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£60, the consequences may be most miserable for me, and I don't know if I can survive what may happen. Will my dearest Patty bring with her this amount as a short loan, to be speedily repaid 1 At any rate, you must not fail to be there, and to gratify with the sight of you your longing

"E. R"

The reading was not achieved without sundry interjections and other observations, which are here omitted. Patty was weeping bitterly by the time it was ended. Said she through her tears, "You do not, I am certain, misunderstand me. I am not crying on account of the writer of that abominable, that wicked letter. Oh no, no! I am lamenting my folly, my infatuation, in having for a moment admired—believed—well, it is over now. Let us burn the horrible paper, and never again think of it."

"My darling, I do most heartily thank you for the manner in which you have just now acted," answered Bateman; "and I admire, believe me, the truthfulness and decision which you have shown. You don't know how much I admire them, nor how pleased I am. This miserable incident has served to confirm aDd establish our trust in each other. That is the main point of the business." (Some passages here, which would have required stage directions had it been a play.) "That being understood, my dear," continued Batemau, "let us now think of the distress of this wretched young

man, for money, I perceive"

"What!" exclaimed Patty, "you"

"Pardon me, Patty. I was going to say that it is clear to me he is distressed for want of money."

"And if he is?"

"If he is, I at once recognise in him, ne'er-dowell as I fear he is, a person once honoured by the regard of my loving, faithful wife—my wife who has given me, who has shown me, her whole heart. Shall she alone show trust and love, and am I to do nothing in return?"

Patty was weeping profusely as she held her husband's hand. "I do not understand you, dear," she at length said.

"You do not observe, perhaps, that this young man is evidently in some serious scrape—not unlikely in such difficulty as has been with such persons the beginning of a bad end. Nothing but extreme necessity, I am sure, would have induced him to address you thus."

Patty did not speak.

"This money, timely supplied, and not supplied by the means which he counted on, may, if his feelings can still be touched, prove the means of saving him from destruction. I propose to give him those means."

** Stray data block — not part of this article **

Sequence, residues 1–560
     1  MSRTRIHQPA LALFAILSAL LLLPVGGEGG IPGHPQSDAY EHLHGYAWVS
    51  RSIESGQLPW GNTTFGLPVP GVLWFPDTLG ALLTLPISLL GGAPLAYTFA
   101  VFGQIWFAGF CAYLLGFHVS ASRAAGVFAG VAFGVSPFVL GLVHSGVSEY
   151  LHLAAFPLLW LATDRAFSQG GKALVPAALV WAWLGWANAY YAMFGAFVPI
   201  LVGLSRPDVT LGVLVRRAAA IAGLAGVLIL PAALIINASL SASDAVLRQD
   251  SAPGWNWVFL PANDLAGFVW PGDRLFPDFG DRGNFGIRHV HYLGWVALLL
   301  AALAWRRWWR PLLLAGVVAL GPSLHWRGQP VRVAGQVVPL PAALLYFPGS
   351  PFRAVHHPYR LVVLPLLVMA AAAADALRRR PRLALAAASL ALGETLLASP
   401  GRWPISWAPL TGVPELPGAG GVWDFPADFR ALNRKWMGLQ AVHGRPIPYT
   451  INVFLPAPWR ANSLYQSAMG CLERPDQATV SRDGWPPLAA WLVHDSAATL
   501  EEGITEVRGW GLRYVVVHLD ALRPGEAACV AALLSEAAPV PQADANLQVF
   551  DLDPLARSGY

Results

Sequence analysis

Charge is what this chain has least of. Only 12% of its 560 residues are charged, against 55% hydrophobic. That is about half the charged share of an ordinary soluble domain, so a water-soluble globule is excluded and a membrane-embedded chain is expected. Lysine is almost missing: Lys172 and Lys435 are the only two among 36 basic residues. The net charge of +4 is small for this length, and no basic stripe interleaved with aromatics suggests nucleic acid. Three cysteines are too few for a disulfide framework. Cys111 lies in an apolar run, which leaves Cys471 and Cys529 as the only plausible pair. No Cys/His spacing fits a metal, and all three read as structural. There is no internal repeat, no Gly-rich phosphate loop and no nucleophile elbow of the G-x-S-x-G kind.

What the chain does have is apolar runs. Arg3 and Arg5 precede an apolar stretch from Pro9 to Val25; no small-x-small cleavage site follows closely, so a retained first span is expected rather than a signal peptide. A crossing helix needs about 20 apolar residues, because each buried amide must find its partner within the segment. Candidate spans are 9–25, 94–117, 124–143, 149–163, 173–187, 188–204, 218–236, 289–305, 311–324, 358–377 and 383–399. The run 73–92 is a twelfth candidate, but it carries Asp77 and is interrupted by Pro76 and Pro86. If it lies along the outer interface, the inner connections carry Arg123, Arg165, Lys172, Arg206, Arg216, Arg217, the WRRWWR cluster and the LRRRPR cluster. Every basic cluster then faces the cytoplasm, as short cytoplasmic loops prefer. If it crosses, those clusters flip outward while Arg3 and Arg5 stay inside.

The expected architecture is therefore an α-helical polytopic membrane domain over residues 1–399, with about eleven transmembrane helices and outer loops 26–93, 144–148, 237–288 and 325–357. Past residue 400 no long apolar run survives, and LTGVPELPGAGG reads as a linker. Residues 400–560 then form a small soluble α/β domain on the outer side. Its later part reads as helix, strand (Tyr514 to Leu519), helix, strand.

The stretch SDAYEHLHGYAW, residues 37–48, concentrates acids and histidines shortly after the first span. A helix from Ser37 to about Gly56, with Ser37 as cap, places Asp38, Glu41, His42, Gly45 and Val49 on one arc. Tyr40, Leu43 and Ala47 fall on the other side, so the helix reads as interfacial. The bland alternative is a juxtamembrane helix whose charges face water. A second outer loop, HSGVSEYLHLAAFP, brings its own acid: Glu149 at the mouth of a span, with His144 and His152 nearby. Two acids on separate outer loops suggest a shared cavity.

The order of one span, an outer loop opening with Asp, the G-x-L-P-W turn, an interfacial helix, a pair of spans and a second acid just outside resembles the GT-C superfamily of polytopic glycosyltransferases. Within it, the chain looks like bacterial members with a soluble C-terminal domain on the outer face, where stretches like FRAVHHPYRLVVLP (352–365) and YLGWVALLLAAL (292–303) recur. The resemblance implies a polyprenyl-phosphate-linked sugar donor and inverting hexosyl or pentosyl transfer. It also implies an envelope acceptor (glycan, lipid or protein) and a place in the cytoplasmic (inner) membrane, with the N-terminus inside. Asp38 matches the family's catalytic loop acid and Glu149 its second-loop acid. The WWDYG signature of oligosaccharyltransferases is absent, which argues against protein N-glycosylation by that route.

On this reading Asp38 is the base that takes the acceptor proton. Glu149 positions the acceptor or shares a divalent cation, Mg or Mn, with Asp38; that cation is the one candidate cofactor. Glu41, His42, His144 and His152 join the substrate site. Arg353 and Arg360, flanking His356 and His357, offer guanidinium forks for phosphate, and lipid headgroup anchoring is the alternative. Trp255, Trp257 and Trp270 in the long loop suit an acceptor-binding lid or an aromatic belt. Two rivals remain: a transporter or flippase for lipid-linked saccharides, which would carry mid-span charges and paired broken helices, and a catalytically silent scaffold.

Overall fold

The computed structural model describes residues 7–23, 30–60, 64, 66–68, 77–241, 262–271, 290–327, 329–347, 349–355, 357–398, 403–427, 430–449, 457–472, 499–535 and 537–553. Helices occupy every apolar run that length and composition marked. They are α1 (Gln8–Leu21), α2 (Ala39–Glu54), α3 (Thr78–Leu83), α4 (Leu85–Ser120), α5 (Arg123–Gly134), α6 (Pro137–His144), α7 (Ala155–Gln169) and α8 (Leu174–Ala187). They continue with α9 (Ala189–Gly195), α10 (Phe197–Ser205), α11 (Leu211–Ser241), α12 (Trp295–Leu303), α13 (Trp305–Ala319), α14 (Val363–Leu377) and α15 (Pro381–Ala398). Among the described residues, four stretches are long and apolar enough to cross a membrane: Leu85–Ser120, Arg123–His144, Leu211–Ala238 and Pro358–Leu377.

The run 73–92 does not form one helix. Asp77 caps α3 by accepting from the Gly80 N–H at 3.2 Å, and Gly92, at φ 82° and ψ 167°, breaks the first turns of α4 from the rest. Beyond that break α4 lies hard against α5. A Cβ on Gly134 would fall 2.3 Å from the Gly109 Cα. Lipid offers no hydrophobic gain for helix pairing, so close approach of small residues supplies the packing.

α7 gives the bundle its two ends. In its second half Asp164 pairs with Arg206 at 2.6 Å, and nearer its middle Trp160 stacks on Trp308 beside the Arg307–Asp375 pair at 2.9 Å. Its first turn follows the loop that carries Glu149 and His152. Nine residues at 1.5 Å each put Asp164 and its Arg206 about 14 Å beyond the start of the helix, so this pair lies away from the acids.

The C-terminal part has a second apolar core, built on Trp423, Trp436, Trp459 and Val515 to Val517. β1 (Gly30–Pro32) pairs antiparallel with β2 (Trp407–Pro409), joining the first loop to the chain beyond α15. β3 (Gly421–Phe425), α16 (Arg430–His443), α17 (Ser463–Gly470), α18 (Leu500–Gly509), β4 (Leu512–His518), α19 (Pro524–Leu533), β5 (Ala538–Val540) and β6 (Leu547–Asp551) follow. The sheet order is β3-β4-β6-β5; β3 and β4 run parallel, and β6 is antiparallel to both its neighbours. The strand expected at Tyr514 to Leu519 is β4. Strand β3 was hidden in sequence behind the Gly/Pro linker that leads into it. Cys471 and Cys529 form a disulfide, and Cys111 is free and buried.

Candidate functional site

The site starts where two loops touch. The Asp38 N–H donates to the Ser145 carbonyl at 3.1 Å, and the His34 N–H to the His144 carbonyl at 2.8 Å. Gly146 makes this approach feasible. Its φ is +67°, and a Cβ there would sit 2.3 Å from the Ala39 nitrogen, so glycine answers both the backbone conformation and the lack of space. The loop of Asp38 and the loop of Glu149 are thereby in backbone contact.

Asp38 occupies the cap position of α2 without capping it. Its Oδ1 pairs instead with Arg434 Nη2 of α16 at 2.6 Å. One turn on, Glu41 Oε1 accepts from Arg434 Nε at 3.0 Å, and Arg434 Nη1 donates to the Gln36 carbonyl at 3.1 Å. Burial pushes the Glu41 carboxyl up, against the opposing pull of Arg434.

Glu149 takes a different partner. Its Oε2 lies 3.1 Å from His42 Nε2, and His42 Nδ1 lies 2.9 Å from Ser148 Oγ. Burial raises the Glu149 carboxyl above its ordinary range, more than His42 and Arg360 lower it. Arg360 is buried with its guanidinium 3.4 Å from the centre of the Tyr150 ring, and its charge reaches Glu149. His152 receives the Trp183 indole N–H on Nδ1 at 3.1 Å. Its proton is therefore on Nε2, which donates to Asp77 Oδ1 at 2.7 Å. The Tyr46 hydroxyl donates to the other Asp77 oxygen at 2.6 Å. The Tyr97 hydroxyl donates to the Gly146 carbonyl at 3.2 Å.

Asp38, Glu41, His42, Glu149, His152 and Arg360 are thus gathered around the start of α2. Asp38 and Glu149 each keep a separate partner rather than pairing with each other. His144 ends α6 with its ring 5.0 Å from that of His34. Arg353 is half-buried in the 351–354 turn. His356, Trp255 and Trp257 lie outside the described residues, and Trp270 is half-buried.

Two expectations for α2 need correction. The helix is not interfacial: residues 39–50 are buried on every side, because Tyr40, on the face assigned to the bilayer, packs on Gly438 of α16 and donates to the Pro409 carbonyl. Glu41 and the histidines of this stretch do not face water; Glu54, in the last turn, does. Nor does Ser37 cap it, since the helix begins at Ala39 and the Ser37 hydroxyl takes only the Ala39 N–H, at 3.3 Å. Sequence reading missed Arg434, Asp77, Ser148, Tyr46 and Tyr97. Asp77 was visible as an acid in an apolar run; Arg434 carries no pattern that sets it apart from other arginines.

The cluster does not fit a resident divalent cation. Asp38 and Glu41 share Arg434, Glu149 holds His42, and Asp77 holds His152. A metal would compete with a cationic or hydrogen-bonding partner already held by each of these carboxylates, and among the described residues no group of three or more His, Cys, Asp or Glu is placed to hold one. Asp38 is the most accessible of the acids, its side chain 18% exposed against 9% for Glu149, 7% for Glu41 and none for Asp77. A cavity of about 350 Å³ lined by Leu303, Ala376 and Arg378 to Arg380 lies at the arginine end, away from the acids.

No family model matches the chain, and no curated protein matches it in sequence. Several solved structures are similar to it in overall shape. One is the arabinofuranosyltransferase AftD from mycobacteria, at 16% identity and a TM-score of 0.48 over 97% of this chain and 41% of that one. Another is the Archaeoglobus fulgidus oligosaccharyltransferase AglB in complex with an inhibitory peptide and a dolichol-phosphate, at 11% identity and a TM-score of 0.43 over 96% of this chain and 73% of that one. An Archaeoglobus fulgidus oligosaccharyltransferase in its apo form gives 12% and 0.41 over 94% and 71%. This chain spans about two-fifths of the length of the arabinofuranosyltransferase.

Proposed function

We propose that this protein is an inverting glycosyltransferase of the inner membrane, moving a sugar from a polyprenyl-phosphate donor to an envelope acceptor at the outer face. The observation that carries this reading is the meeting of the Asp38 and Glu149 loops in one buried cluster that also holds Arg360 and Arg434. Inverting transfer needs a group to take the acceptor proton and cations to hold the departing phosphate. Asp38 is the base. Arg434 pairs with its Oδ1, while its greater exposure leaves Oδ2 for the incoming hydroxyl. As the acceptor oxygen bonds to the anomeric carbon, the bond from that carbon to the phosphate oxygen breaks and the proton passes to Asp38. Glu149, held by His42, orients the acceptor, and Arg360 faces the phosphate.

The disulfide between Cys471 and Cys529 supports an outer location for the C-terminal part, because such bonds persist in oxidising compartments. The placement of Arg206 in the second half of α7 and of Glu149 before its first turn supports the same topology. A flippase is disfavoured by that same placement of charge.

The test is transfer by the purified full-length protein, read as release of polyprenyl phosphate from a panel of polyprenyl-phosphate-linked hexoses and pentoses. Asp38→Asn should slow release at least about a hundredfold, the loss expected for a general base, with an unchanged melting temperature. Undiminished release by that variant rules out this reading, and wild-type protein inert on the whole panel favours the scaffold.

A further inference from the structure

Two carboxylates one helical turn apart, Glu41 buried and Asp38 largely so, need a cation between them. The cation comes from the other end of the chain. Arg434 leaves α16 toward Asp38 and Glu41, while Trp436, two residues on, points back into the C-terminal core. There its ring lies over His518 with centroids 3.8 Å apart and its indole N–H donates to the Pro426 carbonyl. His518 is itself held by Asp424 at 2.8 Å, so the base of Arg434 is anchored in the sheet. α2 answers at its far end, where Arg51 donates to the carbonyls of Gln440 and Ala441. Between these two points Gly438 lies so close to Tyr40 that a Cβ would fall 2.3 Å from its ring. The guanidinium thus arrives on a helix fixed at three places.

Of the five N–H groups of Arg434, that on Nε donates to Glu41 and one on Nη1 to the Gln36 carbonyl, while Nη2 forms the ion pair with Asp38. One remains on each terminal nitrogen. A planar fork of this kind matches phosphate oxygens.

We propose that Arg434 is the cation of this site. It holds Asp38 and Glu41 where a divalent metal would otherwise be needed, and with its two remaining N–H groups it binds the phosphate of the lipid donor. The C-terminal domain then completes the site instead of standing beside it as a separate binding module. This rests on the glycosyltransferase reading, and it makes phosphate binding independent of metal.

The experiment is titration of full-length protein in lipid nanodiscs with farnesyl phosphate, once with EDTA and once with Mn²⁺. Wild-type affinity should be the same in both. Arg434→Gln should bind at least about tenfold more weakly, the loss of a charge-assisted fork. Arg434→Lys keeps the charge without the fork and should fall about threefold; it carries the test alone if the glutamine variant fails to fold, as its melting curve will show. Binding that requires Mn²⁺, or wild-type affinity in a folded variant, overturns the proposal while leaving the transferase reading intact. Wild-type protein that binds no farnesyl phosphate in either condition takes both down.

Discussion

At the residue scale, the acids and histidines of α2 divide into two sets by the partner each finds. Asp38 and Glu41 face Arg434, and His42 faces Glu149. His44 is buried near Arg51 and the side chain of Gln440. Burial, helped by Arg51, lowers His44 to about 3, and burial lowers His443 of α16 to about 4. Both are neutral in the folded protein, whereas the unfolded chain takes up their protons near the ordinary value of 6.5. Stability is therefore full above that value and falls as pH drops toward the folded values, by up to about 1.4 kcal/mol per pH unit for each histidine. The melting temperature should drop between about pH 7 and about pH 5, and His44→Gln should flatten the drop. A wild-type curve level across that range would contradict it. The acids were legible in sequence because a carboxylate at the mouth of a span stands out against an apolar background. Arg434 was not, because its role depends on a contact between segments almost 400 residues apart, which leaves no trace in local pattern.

"You?"

"I; who else? Now stop, darling—I know all that you would say; but I wish you to understand that, in order that he may get the assistance, it will be necessary for you to go and meet him. I, of course, will accompany you. Do you feel equal to this?"

Equal to it! If it had been to cost her her life she would have done it, and let him see how she could bear herself in such an ordeal. "Quite equal," answered she, with eyes flashing through her tears.

"He would not at first stand quietly to be spoken to by me," pursued Bateman. "You therefore must tell him that the money is forthcoming, and bring me gently on the scene. After that, I may be able to say a few words of advice."

How Patty loved and honoured him, she was scarcely able to say. After this trying scene they separated, and then met again, when Patty's emotion had somewhat subsided, to arrange details. Fortunately, the money which Bateman had drawn that morning for Mr Maunder was in Bank of England notes. These, or some of them, he would give to Eoberts, and arrange with Mr Maunder by a cheque. As to the manner of encountering Eoberts, they settled that too, and determined to pass through the glass-door into the garden, and so to the trysting-place unobserved; but as we shall presently see how they did it, a programme of their proceedings is not here necessary. Now let us change the scene a little.

189

CHAPTER X.

THE CRIME.

We have said nothing of George Bateman for some time; and indeed there was not much to say, except that, after his uncle's marriage, he grew to be more savage and wicked and profane than ever. Two or three cautious overtures for a pacification, coming from Hillside, were repelled with insult. George and his mother had omitted no opportunity of doing and saying invidious things. Bateman, now that he had become so happy himself, had grown very anxious about George, and would have been glad of a reconciliation, and to have had him back again at his desk in the office. George, when everybody was saying kind things about his uncle's marriage, could not bear to sit in the coffee-room at the hotel, and he got permission to go and sulk in a little apartment situated between the coffee

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